VW SA at loggerheads with SARS over PAA taxing

Reading Time: 2 minutes

Volkswagen South Africa says it will be an injustice if Sars is allowed to tax the investment incentive used to improve the automotive industry.

The two parties were at loggerheads in the Supreme Court of Appeal over benefits emanating from the Productive Asset Allowance, PAA.

The PAA scheme is a government incentive to support the objectives of the Motor Industry Development Programme.

Sars and VW South Africa are battling it out in the Supreme Court of Appeal.

The high court ruled that government grants between 2008 and 2010 were part of VW’s gross income. As a result, the car manufacturer was ordered to pay outstanding taxes.

The amount in dispute is in excess of R200 million.

VW is challenging the order, arguing it did not violate terms of the Productive Asset Allowance.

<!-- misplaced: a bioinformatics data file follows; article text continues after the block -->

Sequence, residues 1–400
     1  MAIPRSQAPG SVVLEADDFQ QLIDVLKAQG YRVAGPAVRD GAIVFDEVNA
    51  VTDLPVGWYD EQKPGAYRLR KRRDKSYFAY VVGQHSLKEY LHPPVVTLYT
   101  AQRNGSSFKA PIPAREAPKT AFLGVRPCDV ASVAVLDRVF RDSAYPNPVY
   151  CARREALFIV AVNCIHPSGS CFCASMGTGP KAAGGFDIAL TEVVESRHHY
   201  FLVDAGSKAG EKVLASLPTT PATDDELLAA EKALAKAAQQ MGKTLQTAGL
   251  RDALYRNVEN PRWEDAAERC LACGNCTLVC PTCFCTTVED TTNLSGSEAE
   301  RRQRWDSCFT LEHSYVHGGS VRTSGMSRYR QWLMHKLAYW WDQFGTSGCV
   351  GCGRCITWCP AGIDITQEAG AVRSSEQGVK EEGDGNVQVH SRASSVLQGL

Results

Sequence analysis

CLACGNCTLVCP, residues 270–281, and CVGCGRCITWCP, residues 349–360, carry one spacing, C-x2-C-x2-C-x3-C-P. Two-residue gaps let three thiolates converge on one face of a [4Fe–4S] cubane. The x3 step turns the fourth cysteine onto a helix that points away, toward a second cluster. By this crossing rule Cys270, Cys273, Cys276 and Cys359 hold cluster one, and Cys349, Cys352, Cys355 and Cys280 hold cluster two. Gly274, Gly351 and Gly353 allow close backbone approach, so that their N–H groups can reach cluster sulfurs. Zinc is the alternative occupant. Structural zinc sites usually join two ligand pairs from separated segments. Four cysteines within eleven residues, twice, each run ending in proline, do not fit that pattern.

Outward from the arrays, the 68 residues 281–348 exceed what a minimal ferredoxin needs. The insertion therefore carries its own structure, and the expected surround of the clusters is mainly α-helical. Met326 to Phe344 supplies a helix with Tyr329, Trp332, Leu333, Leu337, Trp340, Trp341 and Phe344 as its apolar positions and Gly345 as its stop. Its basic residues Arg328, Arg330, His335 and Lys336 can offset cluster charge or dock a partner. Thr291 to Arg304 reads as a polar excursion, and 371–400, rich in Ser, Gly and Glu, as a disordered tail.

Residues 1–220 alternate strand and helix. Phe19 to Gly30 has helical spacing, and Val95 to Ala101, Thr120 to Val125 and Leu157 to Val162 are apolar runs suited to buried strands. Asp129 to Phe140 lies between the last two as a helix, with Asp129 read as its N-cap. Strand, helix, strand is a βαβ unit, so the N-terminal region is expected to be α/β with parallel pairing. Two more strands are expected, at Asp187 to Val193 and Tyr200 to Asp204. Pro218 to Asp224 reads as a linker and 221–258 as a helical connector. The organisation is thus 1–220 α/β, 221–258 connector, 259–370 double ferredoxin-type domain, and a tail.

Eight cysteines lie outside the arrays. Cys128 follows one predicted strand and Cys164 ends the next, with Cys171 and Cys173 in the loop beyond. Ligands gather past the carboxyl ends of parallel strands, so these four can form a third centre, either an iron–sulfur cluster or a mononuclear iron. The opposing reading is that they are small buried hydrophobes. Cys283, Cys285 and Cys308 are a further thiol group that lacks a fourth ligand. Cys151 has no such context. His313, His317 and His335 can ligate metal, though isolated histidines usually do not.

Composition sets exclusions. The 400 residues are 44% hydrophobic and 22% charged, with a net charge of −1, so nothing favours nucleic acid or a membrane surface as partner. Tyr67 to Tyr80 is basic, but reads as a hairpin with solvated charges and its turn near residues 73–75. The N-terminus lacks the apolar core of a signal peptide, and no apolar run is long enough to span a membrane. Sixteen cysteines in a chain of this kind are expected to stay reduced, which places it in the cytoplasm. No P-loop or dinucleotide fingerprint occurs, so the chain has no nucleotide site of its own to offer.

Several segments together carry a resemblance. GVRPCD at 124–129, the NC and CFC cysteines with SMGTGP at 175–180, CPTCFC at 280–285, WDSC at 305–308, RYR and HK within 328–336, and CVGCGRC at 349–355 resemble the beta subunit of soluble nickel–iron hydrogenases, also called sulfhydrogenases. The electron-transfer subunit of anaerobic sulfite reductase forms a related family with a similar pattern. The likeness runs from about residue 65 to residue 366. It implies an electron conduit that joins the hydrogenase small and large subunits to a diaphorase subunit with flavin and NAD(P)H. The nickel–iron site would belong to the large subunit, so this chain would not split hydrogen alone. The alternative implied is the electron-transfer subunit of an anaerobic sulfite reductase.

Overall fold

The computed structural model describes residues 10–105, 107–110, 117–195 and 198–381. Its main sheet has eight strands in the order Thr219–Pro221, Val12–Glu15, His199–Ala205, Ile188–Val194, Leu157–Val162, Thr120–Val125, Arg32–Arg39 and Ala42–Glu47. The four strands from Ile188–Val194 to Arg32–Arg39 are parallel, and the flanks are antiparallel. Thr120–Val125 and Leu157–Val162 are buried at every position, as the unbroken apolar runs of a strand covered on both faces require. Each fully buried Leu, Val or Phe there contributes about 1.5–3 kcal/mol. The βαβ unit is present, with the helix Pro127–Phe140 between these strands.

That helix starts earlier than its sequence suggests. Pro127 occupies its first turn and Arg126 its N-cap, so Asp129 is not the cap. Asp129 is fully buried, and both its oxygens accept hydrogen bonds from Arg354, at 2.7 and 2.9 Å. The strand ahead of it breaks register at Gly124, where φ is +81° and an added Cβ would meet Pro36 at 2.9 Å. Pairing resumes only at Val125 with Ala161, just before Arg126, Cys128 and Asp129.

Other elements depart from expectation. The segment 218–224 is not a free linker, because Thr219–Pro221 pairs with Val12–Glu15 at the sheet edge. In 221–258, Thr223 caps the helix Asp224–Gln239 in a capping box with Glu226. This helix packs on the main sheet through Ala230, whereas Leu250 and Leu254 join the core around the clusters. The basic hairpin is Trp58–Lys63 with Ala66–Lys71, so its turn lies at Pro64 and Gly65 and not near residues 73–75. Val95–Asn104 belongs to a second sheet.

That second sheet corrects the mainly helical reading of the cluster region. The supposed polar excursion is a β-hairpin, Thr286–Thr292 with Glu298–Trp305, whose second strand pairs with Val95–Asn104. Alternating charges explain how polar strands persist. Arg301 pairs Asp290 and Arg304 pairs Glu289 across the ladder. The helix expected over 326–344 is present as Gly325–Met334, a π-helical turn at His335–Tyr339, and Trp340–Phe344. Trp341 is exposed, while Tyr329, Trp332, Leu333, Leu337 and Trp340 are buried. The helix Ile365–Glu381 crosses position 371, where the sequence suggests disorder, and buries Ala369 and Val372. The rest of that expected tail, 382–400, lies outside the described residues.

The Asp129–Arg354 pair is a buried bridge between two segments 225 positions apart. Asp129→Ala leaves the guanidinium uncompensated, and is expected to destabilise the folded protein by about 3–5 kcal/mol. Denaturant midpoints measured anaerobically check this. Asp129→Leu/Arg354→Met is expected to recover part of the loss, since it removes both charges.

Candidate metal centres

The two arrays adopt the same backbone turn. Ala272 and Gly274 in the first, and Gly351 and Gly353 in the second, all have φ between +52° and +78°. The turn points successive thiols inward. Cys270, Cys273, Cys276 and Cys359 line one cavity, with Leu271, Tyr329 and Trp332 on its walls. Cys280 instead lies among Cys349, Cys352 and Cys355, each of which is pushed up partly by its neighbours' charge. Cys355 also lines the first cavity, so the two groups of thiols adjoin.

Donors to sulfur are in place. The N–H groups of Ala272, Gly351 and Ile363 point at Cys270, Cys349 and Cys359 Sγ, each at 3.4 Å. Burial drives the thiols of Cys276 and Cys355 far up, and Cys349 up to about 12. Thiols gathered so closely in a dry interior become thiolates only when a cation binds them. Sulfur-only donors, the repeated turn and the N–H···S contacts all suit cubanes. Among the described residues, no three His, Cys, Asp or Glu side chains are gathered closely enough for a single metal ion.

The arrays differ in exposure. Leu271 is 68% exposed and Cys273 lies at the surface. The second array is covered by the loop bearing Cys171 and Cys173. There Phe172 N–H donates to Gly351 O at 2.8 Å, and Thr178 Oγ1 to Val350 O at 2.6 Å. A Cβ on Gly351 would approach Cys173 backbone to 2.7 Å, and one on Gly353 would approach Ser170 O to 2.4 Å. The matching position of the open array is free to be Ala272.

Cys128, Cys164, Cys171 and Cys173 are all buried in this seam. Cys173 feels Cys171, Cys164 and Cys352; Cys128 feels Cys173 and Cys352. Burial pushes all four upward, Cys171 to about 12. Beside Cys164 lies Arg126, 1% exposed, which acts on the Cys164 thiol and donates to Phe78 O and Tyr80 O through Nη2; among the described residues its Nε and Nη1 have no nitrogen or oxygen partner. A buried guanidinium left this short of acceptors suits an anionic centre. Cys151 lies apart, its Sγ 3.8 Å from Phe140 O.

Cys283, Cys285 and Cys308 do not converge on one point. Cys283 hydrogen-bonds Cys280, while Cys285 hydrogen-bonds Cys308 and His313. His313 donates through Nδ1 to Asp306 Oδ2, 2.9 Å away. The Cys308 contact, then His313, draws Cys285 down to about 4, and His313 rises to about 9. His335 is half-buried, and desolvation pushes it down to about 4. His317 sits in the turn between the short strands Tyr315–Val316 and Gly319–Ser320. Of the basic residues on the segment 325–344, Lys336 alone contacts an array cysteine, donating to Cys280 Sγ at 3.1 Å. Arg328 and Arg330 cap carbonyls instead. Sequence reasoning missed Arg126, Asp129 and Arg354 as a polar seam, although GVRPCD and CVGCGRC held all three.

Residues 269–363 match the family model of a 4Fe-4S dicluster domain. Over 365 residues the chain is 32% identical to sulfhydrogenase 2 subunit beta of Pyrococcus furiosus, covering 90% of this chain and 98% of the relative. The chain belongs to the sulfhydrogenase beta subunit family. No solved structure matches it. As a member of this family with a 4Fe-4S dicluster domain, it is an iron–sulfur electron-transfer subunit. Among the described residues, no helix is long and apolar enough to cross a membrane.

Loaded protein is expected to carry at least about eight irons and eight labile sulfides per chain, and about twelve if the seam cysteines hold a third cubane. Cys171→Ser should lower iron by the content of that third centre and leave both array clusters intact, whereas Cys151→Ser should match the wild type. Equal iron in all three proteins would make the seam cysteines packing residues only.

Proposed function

It has invested in bigger technologically efficient plants, manufacturing more vehicles at a lower cost.

Volkswagen SA lawyer, Adv Michael Janisch, says, “So, the rationalisation reducing the number of vehicles and types of vehicles that were to be produced was a core part of the achievement of the capital expenditure.”

Appellants further argued that plants modernisation could not work without capital investment.

Sars hit back, saying the car manufacturer misunderstood the Productive Asset Allowance and that the incentive was part of taxable gross income.

Sars lawyer, Adv Richard Buchanan, says, “But that doesn’t make it the reason to make the grant. The reason was not to ensure capital expenditure,;the reason was to rationalise and in order to rationalise it was understood that amongst other things there would have to be capital expenditure.”

Judgment has been reserved.